Well-known member
Aug 8, 2009
Engine 292  Firehouse  64-18 Queens Boulevard  Woodside, Queens  14th Division, 46th Battalion "Winfield Cougars"

    Engine 287-2 organized 67-32 Queens Boulevard at former volunteer quarters  1913
    Engine 287-2 new firehouse 64-18 Queens Boulevard                                      1914
    Engine 287-2 disbanded ? became Engine 292                                                1918
    Engine 292 organized 64-18 Queens Boulevard                                                1918

    Rescue 4 organized 64-18 Queens Boulevard at Engine 292                              1931
    Rescue 4 moved 30-89 21st Street at Engine 262                                            1996
    Rescue 4 returned 64-18 Queens Boulevard at Engine 292                              1997
    Rescue 4 moved 30-89 21st Street at Engine 262                                            1999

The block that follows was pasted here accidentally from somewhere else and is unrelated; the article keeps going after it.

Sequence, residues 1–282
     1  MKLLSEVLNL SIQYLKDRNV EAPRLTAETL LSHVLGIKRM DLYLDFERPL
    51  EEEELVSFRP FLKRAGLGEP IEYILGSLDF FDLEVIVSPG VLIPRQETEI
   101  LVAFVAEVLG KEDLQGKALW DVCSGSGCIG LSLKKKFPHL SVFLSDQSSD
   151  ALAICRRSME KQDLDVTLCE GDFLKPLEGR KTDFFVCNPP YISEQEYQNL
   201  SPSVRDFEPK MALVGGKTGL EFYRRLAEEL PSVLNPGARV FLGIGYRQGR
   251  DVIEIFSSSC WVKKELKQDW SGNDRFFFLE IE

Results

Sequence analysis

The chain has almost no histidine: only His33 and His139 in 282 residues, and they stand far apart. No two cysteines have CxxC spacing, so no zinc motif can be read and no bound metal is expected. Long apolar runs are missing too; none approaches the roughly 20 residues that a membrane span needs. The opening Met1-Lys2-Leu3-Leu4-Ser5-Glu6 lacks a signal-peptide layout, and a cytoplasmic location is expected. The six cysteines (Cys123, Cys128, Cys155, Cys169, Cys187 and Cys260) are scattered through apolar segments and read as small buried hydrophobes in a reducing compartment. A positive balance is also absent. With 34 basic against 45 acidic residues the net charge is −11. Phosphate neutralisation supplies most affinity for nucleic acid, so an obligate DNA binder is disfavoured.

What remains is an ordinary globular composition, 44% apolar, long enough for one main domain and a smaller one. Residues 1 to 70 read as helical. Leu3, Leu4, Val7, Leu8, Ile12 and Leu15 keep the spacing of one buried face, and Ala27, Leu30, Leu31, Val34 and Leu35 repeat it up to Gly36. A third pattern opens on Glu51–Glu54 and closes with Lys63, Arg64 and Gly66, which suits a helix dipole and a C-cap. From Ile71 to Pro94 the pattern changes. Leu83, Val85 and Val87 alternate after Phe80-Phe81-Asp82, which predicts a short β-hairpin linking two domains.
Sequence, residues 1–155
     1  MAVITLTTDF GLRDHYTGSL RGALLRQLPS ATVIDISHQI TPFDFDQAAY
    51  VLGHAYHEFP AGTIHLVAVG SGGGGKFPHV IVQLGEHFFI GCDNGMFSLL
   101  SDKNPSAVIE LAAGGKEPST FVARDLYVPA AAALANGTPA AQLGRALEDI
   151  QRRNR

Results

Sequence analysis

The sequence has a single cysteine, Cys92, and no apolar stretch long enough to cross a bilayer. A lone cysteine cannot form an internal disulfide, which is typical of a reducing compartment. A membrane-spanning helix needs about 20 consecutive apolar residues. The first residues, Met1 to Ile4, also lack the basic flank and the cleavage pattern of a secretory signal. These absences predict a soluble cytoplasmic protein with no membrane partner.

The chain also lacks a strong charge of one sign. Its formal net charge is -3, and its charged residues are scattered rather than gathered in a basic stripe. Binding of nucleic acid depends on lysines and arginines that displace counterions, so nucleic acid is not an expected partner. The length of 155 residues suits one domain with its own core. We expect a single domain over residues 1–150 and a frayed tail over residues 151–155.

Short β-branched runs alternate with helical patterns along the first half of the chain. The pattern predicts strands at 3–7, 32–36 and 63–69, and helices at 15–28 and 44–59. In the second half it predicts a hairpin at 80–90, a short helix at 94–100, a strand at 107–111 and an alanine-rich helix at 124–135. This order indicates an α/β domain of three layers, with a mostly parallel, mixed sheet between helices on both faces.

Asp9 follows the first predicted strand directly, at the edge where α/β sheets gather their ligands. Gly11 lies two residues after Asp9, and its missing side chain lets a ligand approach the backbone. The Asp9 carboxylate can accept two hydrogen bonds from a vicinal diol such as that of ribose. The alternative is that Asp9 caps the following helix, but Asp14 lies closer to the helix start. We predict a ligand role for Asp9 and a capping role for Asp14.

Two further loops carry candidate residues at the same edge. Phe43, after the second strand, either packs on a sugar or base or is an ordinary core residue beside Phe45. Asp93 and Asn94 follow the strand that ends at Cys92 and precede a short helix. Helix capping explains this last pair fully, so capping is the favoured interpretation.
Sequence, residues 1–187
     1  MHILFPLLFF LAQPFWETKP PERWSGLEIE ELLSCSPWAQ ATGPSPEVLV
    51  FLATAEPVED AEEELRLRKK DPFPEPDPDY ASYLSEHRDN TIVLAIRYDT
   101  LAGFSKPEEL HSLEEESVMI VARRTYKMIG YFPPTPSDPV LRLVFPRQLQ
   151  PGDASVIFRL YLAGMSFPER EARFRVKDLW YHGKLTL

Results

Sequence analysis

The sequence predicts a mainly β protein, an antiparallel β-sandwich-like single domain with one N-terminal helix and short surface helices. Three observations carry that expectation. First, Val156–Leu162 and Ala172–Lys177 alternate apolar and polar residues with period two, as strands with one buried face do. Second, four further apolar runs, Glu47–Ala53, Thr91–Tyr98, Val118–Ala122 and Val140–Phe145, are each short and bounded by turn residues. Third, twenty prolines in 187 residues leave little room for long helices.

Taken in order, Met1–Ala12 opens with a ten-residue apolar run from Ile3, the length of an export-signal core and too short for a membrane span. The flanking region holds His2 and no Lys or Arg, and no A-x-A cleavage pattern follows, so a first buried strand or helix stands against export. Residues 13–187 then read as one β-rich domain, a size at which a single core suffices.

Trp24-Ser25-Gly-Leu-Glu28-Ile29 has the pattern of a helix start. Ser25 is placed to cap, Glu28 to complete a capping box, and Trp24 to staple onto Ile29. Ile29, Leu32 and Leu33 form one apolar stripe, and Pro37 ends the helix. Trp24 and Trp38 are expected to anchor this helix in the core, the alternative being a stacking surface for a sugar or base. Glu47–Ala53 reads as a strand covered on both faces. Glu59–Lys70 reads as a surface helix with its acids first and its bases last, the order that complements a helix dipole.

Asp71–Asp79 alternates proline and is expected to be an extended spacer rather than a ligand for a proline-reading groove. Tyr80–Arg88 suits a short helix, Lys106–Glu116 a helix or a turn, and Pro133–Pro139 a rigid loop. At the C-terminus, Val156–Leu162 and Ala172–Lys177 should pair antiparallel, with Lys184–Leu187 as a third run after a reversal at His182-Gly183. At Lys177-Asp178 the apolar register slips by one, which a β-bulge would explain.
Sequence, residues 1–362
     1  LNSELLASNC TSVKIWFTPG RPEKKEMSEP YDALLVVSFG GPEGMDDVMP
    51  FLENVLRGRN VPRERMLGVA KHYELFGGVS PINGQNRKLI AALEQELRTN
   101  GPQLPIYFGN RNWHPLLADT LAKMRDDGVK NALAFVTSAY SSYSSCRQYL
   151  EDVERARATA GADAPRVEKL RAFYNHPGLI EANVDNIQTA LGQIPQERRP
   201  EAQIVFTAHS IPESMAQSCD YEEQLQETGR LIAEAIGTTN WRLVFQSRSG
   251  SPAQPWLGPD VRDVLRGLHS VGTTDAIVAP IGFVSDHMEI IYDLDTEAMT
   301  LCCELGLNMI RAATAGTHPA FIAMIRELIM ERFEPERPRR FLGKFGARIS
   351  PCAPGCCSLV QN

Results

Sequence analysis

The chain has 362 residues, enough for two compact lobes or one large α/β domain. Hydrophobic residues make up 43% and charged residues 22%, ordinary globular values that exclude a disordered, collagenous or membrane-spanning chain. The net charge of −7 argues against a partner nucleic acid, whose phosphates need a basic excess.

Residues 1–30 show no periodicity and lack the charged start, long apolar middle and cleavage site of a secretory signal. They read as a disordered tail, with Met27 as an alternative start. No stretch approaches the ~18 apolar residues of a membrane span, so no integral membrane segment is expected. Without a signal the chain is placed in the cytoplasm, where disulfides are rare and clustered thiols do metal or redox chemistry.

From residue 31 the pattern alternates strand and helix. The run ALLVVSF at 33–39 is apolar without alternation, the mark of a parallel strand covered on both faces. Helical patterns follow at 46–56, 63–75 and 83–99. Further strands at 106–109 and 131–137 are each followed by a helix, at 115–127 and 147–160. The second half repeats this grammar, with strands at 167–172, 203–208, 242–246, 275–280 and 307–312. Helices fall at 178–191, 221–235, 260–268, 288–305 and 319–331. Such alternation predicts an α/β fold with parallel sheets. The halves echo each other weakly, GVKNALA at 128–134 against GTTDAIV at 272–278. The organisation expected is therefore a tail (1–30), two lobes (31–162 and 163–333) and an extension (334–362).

Rescue 4 returned 64-18 Queens Boulevard at Engine 292                              2000
    Rescue 4 moved 27-12 Kearney St with Engine 316                                        2013
    Rescue 4 returned 64-18 Queens Blvd at Engine 292                                      2015
    Foam Unit Queens located 64-18 Queens Boulevard at Engine 292              1965-1972

    Ladder 136 located 64-18 Queens Boulevard at Engine 292                        1996-1997

Former Woodside volunteer company replaced by Engine 287-2 was Gooderson Engine 2 of the Newtown Fire Department.  Gooderson Engine 2 was organized in 1862 at Thompson Avenue (Queens Bouldvard) and Fisk Avenue.  Gooderson Engine 2 relocated a new firehouse at Thompson Avenue and Fisk Avenue (67-32 Queens Boulevard) in 1882.   

Original firehouse (Thompson Ave became Queens Blvd):




64-18 Queens Boulevard firehouse:







Engine 292:










Engine 292 - 1st due - 8/25/09 All-Hands 65th Pl & 50th Ave


Engine 292 FDNY Medal:

    FF John Marshall  February 1, 1956 Kane Medal

Engine 292 LODDs:

    LT Robert Grant, heart attack in quarters, March 25, 1932:


    LT Grant had been seriously injured as a member of Engine 23 in November 1913 when his steamer swerved to avoid a truck and he was thrown from apparatus.  He was also seriously injured as a member of Engine 33 in a collision with a hose wagon responding to a Manhattan fire in 1930. He was hospitalized for 3 months and required life-saving blood donations from 22 FFs.  He returned to full duty and was promoted to LT.